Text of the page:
Norwegian Company Will Report On Mexico City’s Subway Collapse 

After the collapse of an elevated railbed on May 3, a team of Norwegians will analyze the case. (Hector Vivas/Getty Images)

The death toll in the collapse of Mexico City’s subway Line 12 rose to 25 on Tuesday night, while the number of injured people increased to 79, according to official data. Meanwhile, the city’s government announced that the Attorney General’s Office will open an investigation and that Norwegian company Det Norske Veritas will carry out an external evaluation.

Monday night, at 10:25 p.m., a beam supporting the elevated railway collapsed, causing two train cars to plummet. The site of the accident was very close to the Olivos station, in the Tláhuac municipality.

The accident caused immediate concern among Mexicans and attracted international attention. Foreign leaders, including U.S. Vice President Kamala Harris, showed their solidarity on social media.

Official reports estimate that over 100 people were aboard the two collapsed train cars. Most were returning home after a day at work. After the accident, the victims’ relatives embarked on a pilgrimage from hospital to hospital to locate their loved ones.

A more devastating pilgrimage took place at the Iztapalapa Mayor’s Office, where families identified the bodies of those who lost their lives in the accident. Meanwhile, social media users claimed that a lack of maintenance provoked the accident. To avoid speculation, the government announced that it would hire a team of Norwegian experts to study the case.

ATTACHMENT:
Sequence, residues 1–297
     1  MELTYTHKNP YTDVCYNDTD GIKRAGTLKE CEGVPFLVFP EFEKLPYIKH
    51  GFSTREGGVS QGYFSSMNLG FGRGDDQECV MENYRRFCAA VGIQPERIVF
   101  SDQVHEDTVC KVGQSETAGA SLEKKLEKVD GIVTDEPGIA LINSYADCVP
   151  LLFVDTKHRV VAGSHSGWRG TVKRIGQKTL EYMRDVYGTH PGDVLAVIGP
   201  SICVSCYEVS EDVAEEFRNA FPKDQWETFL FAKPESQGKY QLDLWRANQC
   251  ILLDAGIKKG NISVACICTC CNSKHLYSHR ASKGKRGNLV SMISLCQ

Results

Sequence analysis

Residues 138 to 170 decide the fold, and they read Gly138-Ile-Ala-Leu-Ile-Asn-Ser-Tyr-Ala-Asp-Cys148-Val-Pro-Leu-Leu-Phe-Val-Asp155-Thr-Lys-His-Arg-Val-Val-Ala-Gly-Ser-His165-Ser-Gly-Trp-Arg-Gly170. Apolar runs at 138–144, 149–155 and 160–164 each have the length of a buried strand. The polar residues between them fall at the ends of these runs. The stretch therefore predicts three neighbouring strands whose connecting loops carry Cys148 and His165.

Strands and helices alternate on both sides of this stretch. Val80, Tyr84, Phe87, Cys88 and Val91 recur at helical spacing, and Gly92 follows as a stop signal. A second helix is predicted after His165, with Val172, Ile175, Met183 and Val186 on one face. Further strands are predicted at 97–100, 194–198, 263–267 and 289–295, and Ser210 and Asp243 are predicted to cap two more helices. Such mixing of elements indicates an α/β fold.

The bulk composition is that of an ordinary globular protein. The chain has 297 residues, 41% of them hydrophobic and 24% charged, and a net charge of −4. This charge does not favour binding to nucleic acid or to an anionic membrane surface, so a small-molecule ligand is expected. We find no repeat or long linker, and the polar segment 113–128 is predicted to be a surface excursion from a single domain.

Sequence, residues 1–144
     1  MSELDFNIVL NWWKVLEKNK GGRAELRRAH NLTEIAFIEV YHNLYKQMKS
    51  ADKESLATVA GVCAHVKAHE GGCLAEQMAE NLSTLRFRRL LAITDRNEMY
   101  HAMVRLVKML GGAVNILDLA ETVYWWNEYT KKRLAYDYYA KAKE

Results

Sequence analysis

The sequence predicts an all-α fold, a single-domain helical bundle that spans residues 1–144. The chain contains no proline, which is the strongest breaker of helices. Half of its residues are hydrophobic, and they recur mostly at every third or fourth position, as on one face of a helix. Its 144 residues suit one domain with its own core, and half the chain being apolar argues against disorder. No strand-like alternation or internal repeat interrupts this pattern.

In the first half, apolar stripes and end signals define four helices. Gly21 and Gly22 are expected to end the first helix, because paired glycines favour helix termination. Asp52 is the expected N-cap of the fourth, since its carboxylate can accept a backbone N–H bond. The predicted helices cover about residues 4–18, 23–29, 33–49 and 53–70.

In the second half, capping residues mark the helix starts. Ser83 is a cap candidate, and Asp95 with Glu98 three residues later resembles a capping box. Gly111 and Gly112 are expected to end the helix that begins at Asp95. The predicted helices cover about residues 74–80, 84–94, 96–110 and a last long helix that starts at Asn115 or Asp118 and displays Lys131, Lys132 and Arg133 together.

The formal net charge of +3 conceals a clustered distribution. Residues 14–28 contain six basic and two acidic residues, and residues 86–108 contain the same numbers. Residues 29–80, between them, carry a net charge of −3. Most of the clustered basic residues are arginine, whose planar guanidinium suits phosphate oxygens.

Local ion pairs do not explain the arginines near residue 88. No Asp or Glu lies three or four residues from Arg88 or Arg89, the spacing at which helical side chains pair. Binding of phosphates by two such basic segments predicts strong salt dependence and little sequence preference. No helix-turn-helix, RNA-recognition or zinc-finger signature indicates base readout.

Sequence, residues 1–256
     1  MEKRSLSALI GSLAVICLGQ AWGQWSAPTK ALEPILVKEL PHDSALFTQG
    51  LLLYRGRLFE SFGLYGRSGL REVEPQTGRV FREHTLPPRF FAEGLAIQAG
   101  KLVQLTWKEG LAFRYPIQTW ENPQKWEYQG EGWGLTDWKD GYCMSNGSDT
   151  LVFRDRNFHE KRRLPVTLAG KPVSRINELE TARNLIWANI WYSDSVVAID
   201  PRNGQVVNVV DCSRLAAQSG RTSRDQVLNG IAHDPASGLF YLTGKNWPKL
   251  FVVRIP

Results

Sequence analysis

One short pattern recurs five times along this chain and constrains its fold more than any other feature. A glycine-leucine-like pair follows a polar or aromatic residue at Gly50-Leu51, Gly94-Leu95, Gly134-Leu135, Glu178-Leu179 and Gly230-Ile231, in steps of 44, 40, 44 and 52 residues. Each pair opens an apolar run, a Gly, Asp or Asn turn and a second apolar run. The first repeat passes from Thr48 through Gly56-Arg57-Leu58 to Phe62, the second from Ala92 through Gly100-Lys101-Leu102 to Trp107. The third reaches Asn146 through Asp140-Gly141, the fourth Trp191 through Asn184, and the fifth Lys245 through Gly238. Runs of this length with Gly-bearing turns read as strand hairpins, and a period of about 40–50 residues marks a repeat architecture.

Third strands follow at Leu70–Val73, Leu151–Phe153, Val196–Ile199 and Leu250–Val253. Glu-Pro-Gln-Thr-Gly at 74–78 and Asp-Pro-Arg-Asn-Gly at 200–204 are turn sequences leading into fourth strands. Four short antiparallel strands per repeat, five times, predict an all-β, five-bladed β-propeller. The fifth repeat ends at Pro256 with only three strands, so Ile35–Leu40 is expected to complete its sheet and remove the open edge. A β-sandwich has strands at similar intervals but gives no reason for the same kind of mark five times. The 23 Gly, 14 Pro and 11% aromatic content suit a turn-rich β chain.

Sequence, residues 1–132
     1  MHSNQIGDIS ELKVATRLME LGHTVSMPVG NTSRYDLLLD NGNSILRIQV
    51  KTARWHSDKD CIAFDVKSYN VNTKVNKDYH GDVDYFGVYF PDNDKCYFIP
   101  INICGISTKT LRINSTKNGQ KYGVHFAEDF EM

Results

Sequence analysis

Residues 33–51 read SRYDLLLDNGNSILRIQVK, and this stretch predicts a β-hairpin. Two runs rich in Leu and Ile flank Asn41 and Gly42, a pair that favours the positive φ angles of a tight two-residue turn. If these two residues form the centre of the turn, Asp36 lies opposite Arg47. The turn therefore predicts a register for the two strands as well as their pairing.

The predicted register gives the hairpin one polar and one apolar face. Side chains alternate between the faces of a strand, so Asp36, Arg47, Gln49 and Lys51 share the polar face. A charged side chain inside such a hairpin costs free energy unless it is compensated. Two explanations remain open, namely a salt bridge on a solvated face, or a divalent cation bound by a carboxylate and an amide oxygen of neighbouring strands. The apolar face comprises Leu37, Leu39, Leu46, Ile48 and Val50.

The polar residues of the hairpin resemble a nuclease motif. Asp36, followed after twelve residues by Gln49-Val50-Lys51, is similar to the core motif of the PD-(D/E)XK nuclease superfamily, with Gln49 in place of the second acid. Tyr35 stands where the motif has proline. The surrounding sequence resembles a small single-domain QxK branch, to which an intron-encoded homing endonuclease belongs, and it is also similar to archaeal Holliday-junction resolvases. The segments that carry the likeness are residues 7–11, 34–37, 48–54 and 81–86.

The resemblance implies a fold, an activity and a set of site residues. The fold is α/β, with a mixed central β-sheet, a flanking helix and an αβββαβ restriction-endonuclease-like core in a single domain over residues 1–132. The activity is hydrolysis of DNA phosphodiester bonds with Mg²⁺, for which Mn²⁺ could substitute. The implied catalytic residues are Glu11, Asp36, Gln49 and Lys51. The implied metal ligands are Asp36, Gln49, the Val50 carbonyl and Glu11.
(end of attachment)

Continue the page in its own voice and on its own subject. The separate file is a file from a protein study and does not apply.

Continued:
“This is a company that is unrelated to the operation of Line [12],” said Claudia Sheinbaum, Mexico City’s Mayor, at a press conference on May 4. “There are leased trains and several companies involved. So, to provide an expert opinion, we are choosing a company that has nothing to do with the subway’s operation.”

Det Norske Veritas is one of the world’s leading risk management companies with experience in public transportation systems. It is also at the forefront of business-model certification based on international standards, according to its website.

Mexicans express their dismay

“I have cried. Perhaps, some people there did not say goodbye to their families because of the government’s idiocy. They fill their pockets with money, buying cheap materials. Here are the consequences,” said Miguel Córdova, a resident of Mexico City.

In the last two years, Mexico City’s subway has experienced problems that raise questions on its operability, including a fire at the Control and Command Post, a train crash with no injuries, and constant delays.

Mexicans demand answers about the subway accident. The government has begun looking for them. (Héctor Vivas/Getty Images)

In September, the subway will complete 52 years of operation since Line 1 entered service. The collapsed line is the most recently built, and construction finished in 2012.

The Olivos station accident recalls and Oct. 20, 1975, accident, when two trains of Line 2 collided head-on at Viaducto station, leaving 31 people dead and 79 injured.

Mexico City’s subway transports an average of 3.9 million passengers per day.

(Translated and edited by Gabriela Olmos. Edited by Kristen Butler)



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